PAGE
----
Sunday, October 31, 2004

More On The Lancet Report

Updating my earlier post after I read the actual report:

One thing no one else pointed out is what they write about the possible exceptionality of their Fallujah sample: they write they are not convinced it is an outlier, for they didn't visit other destroyed towns like Najaf or Ramadi, and they hit a low-death-rate outlier in also destroyed Sadr City.

As for the numbers - first deaths counted, then the death rates per thousand people ('/t/y') per year I calculated (from their figure of 110,538 person-months before and 138,439 person-months after), then the difference, then the post-war total from the difference (using 17.8 months and 24.4 million people):

  • Accidents: 4 before 13 after, 0.434 /t/y before 1.127 /t/y after, increase 0.693 /t/y or 25,082;
  • Chronic disorders (incl. heart failure): 22 before 29 after, 2.388 /t/y before 2.534 /t/y after, increase 0.146 /t/y or 5,284;
  • Infectious diseases: 1 before 5 after, 0.109 /t/y before 0.433 /t/y after, increase 0.324 /t/y or 11,727;
  • Infant mortality: 6 before 10 after, 0.651 /t/y before 0.867 after, increase 0.216 /t/y or 7,818;
  • Violence: 1 before 73/21 (without Fallujah) after, 0.109 /t/y before 6.328/1.820 /t/y after, increase 6.219/1.711 /t/y or 225,086/58,374.

Without Fallujah, these add up to 108,285 deaths, but this analysis was done without probability calculations - difference of mean and median, I suspect. So here are figures corrected for the 98,000 statistical maximum and rounded:

  • Accidents: 22,700;
  • Chronic disorders (incl. heart failure): 4,800;
  • Infectious diseases: 10,600;
  • Infant mortality: 7,100;
  • Violence: 203,700/52,800.

Note that the figure for violence, the one that can be compared to the IBC figure also includes killed soldiers and insurgents, unlike the IBC figure.

Further breakdown of violent deaths: the 1 before the war was by the regime, 2 were by unknown perpetrators, 7 were by criminals, 2 by insurgents, 3 by US infantry soldiers, and 58 by aerial bombardement. The breakdown of Fallujah victims is not given, but if all were due to aerial bombardement, 6 remain for bombing victims outside Fallujah. More than 50% of the foreign soldier-killed were certainly civilians (28 children, 4 women, 1 old man out of 61) - following the authors' logic about larger exposure of men, I guess 7 civilian men aged 15-60, thus two-thirds civilian. Converted to absolute numbers with the same multipliers as before:

  • Killed by the Regime pre-invasion: 2,700/year
  • Killed by unknown perpetrators: 5,600
  • Killed by criminals: 19,500
  • Killed by insurgents: 5,600
  • Killed by US ground forces: 8,400
  • Killed by aerial bombardement: 161,800/15,000
  • Iraqi soldiers/guerillas killed by foreign forces: 56,700/7,800
  • Civilians directly killed by foreign forces: 113,500/15,600.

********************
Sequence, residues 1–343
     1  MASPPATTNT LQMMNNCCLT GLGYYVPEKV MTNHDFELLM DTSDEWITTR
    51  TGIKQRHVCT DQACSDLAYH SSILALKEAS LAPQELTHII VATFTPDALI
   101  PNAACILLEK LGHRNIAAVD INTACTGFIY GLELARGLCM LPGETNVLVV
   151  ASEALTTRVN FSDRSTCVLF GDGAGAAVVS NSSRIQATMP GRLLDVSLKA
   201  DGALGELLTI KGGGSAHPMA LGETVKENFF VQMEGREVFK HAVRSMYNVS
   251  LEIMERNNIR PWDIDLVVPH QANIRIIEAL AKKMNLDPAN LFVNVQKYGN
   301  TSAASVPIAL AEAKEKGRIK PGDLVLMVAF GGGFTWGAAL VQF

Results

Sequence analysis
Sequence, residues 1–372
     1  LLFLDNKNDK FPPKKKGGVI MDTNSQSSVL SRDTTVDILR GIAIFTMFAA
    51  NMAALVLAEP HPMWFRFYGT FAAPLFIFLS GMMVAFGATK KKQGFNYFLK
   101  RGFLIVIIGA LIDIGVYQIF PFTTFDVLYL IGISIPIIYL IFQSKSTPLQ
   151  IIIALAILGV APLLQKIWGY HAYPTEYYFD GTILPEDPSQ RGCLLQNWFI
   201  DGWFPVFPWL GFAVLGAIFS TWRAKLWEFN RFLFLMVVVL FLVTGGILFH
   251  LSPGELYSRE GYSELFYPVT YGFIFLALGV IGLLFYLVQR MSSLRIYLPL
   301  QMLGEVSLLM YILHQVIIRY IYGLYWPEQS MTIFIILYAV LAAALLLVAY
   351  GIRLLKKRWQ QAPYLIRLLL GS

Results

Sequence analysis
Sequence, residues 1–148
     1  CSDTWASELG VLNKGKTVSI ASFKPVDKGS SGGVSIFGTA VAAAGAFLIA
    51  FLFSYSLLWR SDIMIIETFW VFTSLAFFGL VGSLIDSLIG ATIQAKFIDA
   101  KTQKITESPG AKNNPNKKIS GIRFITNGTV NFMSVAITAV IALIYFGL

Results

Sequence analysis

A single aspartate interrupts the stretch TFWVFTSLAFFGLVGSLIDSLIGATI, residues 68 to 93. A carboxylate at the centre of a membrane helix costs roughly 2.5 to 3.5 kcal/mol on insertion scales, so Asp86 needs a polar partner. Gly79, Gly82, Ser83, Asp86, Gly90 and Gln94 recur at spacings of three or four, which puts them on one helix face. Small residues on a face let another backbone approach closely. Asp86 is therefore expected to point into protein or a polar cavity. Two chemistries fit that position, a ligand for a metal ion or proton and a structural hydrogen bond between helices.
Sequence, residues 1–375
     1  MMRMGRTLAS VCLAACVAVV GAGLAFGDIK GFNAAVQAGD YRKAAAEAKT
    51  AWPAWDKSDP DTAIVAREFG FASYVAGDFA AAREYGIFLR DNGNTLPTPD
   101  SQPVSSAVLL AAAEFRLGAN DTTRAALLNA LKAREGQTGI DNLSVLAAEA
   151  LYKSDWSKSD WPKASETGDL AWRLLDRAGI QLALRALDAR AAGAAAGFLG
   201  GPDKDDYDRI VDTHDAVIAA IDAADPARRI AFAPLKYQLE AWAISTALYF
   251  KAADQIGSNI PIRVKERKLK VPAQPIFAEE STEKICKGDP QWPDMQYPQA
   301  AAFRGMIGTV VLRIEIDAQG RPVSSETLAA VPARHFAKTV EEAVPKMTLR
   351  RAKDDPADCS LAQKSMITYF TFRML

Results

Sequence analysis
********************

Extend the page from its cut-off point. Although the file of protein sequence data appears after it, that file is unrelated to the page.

At 4:17 PM, Anonymous Anonymous said...

I have long felt it to be a moral certainty that the Iraq Body Count figures are too low. Fallujah and the other bombed cities cannot properly be left out. Thanks for this fine piece of work.

At 2:43 AM, Anonymous Anonymous said...

Hi DoDo- thank for your analyses here and at lenin's blog. Your criticisms of the Lancet paper as presenting transformed data in the form of rates per time are well founded, but partly necessitated by the cluster analysis used.

I wrote to ask if have you been able to extract any estimate from the Lancet article of total dead in Fallujah (till 2004)? Your help would be appreciated.

Best, ion

At 5:30 AM, Anonymous Anonymous said...

I'm extrapolating using Table 2 in the Lancet pdf for Fallujah deaths. There were 142 reported deaths, 52 of these in the Fallujah cluster. The body-count excluding Fallujah would thus comprise 90 deaths extrapolated to the 98,000 excess mortality. Thus, the 52 violent deaths in Fallujah would estimate out to 56,600 excess deaths.

I've emailed the authors to try to confirm.

Regards, ion

At 6:37 PM, Blogger DoDo said...

If I read the article correctly, the Fallujah clusters were meant to give an estimate for all of Anbar Province, not just Fallujah, and somewhere towards the end of the article they say the Fallujah figures would mean 200,000 dead there.

However, since the Fallujah clusters are a much smaller sample than the total, the error margin of such a sub-estimate is much much higher - it is much less reliable than the press reports.

I'd say the Fallujah death toll is an unknown.

Just for the April invasion, we have two reports of 800 dead and one of 1200 dead, and these were the centrally collected data. Dead rotting under the rubble or buried by their families in promptu were not counted. Fallujah is a town of reported 200,000 to 300,000 people, given the scale of the destruction, 10,000 dead would be not far off IMO.

Fallujah had hundreds of casualties in the year before, and my rough guess for the bombings since September is another one thousand dead.

At 3:42 AM, Anonymous Anonymous said...

Hey, excellent website. A great Iraq resource is Deaths in Iraq. It breaks all of the casualties down by age, race, branch of the military, country, etc.


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